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“Don’t be scared.”

David Lowery is a man of utter simplicity. On the surface, his latest release may seem as straightforward as it could possibly get: from the no-nonsense title, the very minimal dialogue sprinkled throughout the film, all the way down to draping his titular ghost in nothing more than a white sheet with cut-out holes for eyes. Lowery himself might enjoy stripping everything down to its barest bones and testing his audience’s patience, but don’t be fooled, as the writer-director does the job with the most unique style and understated elegance, crafting a visual poem that is anything but ordinary.

With A Ghost Story, Lowery simultaneously transcends and elevates convention, delivering his best, most mesmerizing work to date. At its core, the follow-up to his surprise box-office hit, the critically beloved remake of Pete’s Dragon, is far more than just “a ghost story,” as the title might imply. Lowery has deliberately made it a point to say as little as possible, and instead allows his masterful visual lyricism do all the talking, to results that effortlessly soar into the most unexpected directions.

Enter C (Casey Affleck) and M (Rooney Mara), a young couple occupying a modest home in the sparse beauty of Lowery’s ol’ reliable Texas. The two share a quiet life together, as their story is relayed through moments of tenderness and the occasional argument about mostly nothing, as couples tend to do. C plays music and is particularly attached to a piano in their house that, to M, seems to serve nothing more as a useless piece of decoration, unable to find the same sentimental value in it as her husband strangely does.

Their relationship lays the foundation for the story, with Lowery allowing his audience an intimate, almost voyeuristic peek into their unassuming existence. The two are preparing to move out of their creaky (and creepy) old house and into something more modern, with M seemingly more eager about such a decision than he is. One day, however, C dies in an accident just outside their property, leaving M with a house full of things and painful memories of their relationship cut abruptly short. Until, that is, the ghost of C lingers, his sizable, almost cartoony presence looming over his newly widowed wife as she grieves his death and copes with the deafening loneliness of being left behind.

The audience is forced to quietly observe alongside C and his hollow, black eyes, looking over M through moments of intense pain and even slight attempts at pleasure. After yet another day at work, she returns to their house to a find a pie that a friend generously left for her. Pathetically, she devours the whole thing all by herself on the floor of their kitchen, crying as the uncontainable pain inevitably rises back to the surface, to the point where it’s clear she’s only torturing herself. The scene serves as a perfect encapsulation of the masochistic nature of humanity in times of utter desperation and hopelessness, and at this point in this film, Lowery has only gotten started, with more tricks yet up his sleeve. Mara, with the little dialogue she is given, again skillfully conveys overwhelming emotion without even having to open her mouth, portraying M’s numb emotional state with such naked vulnerability that the sight of her alone hurts.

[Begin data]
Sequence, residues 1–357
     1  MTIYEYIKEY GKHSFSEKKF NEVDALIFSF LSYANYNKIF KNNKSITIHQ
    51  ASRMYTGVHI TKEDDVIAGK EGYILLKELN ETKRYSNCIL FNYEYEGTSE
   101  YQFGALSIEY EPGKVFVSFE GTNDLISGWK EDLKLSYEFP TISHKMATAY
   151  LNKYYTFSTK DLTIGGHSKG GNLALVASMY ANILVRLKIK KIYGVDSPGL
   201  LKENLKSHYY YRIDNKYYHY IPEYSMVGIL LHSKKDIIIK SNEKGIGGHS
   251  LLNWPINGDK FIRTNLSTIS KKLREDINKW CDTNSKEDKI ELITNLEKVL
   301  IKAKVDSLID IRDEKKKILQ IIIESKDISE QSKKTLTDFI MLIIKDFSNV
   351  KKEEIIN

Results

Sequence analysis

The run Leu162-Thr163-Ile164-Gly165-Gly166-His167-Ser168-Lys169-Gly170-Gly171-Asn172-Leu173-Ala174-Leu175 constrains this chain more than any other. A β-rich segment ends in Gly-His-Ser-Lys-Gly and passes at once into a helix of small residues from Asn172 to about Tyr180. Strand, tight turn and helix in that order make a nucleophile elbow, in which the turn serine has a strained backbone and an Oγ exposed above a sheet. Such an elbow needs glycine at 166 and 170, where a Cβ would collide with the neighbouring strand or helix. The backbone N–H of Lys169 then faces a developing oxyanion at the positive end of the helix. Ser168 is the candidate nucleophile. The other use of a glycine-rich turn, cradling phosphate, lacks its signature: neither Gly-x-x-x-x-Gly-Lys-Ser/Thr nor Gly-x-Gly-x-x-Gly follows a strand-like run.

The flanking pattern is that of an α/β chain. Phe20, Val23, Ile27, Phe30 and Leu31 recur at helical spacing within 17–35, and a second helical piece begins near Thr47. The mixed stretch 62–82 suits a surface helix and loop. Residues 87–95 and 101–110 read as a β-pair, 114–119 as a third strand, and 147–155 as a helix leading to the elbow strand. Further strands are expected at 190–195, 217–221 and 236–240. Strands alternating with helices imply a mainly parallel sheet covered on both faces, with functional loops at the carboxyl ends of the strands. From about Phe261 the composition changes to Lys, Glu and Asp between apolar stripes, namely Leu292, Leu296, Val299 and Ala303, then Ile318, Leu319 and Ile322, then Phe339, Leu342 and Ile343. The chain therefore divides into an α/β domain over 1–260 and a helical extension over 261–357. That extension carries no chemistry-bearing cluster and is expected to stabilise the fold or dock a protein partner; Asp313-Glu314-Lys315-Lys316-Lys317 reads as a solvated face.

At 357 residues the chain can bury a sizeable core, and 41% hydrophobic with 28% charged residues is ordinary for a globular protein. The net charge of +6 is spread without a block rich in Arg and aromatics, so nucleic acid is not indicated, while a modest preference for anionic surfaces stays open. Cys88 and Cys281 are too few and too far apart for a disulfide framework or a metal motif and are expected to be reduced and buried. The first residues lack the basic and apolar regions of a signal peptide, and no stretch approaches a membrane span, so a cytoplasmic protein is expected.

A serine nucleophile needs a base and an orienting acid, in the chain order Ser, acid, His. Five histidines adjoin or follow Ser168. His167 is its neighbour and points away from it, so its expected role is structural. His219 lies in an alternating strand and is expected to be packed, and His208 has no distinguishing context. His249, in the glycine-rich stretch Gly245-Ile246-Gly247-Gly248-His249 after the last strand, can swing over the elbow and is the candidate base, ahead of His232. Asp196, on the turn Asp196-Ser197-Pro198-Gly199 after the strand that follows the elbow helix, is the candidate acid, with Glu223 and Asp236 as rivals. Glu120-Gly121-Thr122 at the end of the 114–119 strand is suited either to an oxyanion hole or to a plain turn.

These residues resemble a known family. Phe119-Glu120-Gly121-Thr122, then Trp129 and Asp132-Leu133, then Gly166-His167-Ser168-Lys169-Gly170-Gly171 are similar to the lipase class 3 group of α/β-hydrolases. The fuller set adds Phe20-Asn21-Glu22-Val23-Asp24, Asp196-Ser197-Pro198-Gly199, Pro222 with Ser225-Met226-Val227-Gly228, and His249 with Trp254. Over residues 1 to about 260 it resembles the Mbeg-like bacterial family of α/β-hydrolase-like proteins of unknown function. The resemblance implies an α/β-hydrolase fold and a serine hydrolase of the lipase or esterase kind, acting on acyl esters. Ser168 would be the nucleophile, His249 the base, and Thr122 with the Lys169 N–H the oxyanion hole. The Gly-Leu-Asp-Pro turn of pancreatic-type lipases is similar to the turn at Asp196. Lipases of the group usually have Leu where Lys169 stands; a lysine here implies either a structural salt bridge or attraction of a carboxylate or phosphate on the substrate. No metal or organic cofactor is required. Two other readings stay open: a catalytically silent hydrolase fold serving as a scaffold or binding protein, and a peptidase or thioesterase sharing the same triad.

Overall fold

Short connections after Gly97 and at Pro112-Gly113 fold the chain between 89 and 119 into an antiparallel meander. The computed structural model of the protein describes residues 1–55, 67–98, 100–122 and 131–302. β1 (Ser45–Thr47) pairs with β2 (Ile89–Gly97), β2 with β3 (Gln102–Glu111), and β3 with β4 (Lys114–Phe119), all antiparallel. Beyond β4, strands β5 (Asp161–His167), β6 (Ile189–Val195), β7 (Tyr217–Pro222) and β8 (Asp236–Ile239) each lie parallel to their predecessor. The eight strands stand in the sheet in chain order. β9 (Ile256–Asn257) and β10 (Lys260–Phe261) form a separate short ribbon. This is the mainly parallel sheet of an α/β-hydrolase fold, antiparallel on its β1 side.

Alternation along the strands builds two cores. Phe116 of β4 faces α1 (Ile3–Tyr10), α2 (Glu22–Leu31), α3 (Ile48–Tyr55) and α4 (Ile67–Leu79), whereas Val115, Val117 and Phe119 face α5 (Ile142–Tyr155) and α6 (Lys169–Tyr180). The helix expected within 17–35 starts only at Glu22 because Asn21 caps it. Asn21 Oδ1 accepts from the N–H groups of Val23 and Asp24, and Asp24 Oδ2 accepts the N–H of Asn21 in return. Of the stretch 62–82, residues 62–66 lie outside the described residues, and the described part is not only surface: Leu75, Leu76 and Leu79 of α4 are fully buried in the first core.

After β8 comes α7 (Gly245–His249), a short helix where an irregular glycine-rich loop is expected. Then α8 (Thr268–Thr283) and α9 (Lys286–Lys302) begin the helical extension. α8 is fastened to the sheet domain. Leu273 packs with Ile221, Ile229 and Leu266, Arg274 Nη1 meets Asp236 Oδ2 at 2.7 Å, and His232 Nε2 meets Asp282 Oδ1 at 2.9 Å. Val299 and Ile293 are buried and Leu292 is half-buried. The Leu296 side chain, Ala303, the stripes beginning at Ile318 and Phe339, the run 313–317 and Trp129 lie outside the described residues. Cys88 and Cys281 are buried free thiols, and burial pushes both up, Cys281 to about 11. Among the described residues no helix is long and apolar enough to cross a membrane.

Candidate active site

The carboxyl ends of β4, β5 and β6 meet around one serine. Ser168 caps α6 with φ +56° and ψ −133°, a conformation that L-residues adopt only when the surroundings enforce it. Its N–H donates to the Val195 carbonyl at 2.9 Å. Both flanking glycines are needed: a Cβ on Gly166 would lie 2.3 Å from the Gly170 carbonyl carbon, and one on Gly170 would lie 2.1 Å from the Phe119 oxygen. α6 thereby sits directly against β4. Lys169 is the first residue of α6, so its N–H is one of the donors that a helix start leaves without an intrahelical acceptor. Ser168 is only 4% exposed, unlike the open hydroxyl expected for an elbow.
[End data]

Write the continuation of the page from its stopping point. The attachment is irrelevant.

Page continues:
As M finally moves out of the house and starts anew elsewhere, C himself is the one now left behind, stuck to his beloved house and seemingly still deeply in denial, lost in the solitude of such a suddenly meaningless existence. The world moves on and new tenants continue to arrive, but much like a child, he throws tantrums and passively forces each new resident out with his ghostly presence. As time hurtles forward and then backwards again, Lowery takes C – and the viewer – on a cosmic journey unlike absolutely anything else.

A Ghost Story showcases Lowery at his best, even after already terrific turns with his previous Mara-Affleck collaboration Ain’t Them Bodies Saints and Pete’s Dragon. With A Ghost Story, he presents a simple idea with simple characters at the center, almost as if his own film is in disguise as something familiar. That is, until he dives head first and commits to his ambitiousness on a level that surprises and thrills in equal, overwhelming amounts, making for a film that is quite simply breathtaking beyond expectation. Like the most staggering of emotions, the burst of creativity buried deep in the heart of A Ghost Story is bold and difficult to properly convey, but that’s precisely what makes it so affecting and memorable, even long after it’s over. Nothing lasts forever and letting go may be hard to do, but there’s still nothing quite like the magic of those fleeting moments of pure, unadulterated emotion, reminding us of our own perfectly imperfect mortality.



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Nix Santos is a writer based in Los Angeles. You can find her on Twitter @nxsnts.

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